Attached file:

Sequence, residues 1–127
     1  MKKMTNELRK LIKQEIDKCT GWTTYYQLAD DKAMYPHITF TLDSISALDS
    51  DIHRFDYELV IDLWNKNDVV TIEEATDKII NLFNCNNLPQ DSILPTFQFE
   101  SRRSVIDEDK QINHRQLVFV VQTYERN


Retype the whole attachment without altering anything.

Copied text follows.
Sequence, residues 1–127
     1  MKKMTNELRK LIKQEIDKCT GWTTYYQLAD DKAMYPHITF TLDSISALDS
    51  DIHRFDYELV IDLWNKNDVV TIEEATDKII NLFNCNNLPQ DSILPTFQFE
   101  SRRSVIDEDK QINHRQLVFV VQTYERN